No history of Scott Hall’s eventual stardom is complete without the “American Dream” Dusty Rhodes. The iconic wrestler and booker moves into a full-time behind-the-scenes position in early 90’s WCW and brings Hall in. His character The Diamond Studd is an embryonic Razor Ramon, Hall isn’t in full Tony Montana mode yet, but the basic outline is there. Hall gets a small push, nothing substantial, and eventually whatever momentum he has coming in fizzles out.

This is when it happens. The first time. The first major turning point. Hall puts in a call to the WWF and soon finds himself in Vince McMahon’s office. The story goes that Hall asks Vince if he knows the movie Scarface but the WWF head honcho does not; no matter. Hall says, “Say hello to the bad guy”, and reels in the gig of a lifetime.

This Maryland-born Army brat who grows up in Florida starts walking out with chains around his neck, a gaudy vest, hair slicked back, and a toothpick between his teeth. He’s instant heel money with Vince pushing him hard and, for the first time, he’s working with guys who carry him to the first great matches of his career.

Everyone talks about the Wrestlemania ladder match with Shawn Michaels, the Summerslam rematch, or his work with Bret Hart. One of Hall’s matches from that era deserving a look is his October 11h, 1993 Monday Night Raw match with “The Model” Rick Martel. The decorated veteran, a former world champion for Gagne’s AWA, still holds considerable in-ring gifts despite almost two decades in the business at that time.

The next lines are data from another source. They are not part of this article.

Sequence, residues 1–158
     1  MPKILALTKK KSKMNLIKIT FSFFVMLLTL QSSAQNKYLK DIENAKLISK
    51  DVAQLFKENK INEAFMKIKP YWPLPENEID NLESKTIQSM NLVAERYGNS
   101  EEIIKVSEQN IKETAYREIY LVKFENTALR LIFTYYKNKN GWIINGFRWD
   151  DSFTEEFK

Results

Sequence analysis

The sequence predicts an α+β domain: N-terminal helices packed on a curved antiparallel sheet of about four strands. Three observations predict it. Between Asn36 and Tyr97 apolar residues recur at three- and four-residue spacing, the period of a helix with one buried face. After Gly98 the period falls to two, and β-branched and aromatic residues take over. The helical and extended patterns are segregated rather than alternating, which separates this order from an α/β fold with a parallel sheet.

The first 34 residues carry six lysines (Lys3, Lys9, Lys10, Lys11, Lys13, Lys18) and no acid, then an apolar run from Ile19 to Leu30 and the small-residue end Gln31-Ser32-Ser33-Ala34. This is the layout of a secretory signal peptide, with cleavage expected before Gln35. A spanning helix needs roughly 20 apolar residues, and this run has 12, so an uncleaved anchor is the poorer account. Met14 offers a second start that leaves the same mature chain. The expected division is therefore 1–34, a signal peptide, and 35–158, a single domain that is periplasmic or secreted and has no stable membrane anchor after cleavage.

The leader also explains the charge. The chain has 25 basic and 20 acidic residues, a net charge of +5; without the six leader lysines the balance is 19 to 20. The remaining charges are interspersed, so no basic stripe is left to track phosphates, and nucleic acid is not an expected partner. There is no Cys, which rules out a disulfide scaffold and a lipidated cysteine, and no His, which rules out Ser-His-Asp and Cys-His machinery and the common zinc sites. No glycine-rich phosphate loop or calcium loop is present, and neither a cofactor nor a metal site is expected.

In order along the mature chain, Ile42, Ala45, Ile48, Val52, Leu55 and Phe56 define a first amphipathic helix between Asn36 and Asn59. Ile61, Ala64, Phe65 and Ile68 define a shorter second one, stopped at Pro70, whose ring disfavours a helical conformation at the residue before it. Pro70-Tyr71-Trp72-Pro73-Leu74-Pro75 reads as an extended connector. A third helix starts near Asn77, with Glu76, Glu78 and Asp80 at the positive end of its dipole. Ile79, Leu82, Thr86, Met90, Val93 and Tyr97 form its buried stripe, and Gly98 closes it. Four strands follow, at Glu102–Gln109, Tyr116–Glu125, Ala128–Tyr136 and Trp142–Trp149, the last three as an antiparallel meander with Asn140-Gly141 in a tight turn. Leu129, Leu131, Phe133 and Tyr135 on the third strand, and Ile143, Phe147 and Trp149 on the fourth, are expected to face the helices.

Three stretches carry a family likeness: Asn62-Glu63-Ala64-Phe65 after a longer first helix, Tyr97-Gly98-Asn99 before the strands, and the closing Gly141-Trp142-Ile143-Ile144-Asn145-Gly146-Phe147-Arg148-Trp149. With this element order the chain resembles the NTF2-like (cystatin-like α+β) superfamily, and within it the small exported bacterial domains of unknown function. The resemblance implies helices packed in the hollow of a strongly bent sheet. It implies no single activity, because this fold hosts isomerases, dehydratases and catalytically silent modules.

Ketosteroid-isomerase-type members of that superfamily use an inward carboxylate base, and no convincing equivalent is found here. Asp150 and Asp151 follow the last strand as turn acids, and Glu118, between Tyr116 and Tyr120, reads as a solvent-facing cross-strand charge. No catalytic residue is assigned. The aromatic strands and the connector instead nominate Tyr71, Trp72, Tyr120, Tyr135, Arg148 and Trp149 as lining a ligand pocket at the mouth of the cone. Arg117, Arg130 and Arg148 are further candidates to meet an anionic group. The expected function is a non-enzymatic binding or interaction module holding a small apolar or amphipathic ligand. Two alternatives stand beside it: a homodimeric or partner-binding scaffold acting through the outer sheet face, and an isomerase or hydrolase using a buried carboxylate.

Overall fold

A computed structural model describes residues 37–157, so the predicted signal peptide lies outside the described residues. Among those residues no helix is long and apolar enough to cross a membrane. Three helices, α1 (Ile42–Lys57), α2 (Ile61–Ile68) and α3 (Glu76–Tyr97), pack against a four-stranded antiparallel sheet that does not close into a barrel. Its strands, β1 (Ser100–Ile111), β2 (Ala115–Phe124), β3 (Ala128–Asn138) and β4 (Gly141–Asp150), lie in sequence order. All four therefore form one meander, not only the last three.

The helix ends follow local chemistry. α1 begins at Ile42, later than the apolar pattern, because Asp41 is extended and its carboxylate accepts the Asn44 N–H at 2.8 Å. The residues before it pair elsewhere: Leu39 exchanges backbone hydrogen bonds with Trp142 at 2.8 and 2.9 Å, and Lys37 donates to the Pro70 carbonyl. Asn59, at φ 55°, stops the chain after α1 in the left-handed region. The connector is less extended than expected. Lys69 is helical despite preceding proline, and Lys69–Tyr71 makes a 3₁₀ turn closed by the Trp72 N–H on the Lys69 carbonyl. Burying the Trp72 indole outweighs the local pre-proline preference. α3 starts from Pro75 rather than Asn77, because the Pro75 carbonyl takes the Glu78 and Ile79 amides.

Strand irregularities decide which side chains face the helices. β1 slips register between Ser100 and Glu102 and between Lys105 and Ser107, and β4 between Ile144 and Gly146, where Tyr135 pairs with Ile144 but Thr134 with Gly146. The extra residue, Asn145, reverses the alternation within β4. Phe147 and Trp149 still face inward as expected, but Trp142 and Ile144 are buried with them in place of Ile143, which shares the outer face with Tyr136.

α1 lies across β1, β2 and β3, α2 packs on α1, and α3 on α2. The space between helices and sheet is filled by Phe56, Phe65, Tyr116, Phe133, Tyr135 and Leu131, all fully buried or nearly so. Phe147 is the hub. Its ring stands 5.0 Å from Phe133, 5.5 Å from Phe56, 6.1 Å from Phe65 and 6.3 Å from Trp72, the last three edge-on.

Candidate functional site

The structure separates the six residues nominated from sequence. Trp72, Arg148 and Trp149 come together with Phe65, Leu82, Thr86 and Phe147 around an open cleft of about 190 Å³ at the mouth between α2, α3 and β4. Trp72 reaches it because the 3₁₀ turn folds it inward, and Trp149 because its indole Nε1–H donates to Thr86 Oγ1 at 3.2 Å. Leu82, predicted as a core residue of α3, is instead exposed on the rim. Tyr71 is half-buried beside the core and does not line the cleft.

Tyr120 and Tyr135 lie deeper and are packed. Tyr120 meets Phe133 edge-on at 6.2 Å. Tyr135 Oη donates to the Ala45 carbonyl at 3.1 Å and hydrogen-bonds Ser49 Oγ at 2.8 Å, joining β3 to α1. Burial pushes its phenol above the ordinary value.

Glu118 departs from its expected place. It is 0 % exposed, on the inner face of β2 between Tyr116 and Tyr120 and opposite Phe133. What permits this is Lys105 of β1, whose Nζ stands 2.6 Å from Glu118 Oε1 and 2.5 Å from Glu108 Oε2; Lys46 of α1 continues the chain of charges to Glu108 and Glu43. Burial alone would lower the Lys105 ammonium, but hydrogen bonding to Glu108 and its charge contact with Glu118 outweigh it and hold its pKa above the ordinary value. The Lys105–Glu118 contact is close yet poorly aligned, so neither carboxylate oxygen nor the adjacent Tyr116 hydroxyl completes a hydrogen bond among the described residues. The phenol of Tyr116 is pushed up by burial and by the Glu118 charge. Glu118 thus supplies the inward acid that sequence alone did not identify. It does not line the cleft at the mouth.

As Razor Ramon

With Kevin Nash in the NWO

They go almost fifteen minutes in a see-saw bout for the then-vacant Intercontinental title. Hall is never an elite worker such as Michaels, or even Martel. He cannot carry a lesser opponent to his level, ala Bret Hart versus Tom McGee, but the Michaels and Martels of the business can lead him. A consummate ring general, Martel leads Hall to one of his best matches for a national television audience.

He has elite charisma, however. Vince McMahon turns Ramon babyface and he doesn’t lose any momentum. His look, physical talents, and charisma earn him time in the ring with the cream of the crop and Hall never looks out of place. During this period, as well, Hall, Michaels, Kevin Nash, and Hunter Hearst Hemsley amass considerable locker room clout.

It isn’t enough though. Hall plateaus with Vince McMahon’s company and his restlessness finds a historic outlet. WCW head Eric Bischoff calls the play of his career, signs Hall first then Nash, and their arrival upends the WWF’s longtime distant rival. Hall’s wrestling journey goes full-on nuclear with Hulk Hogan’s heel turn and the NWO’s formation.

He knows it’s the peak. How could he not? Hall and WCW ride an once in a lifetime wave for the next year and change as Ted Turner’s “rasslin’” company becomes a player at long last in modern entertainment. He’s probably betting it will last longer but he’s driving ninety miles an hour down a dead-end street. The crash is coming.

Few know it will be the Groundhog Day version of a crash. There’s no reason to rehash the gory details of his long fall from grace; the stories are legion across the Internet. The opinions as well, but no matter. Some will say, man, all of this for just a wrestler? Hall was a wrestler, a performer with a special gift, and these unique athletes entertained us in a world where finding the space to dream grows harder each day. He was a human being. May he rest in peace, but may we also see his like again and soon.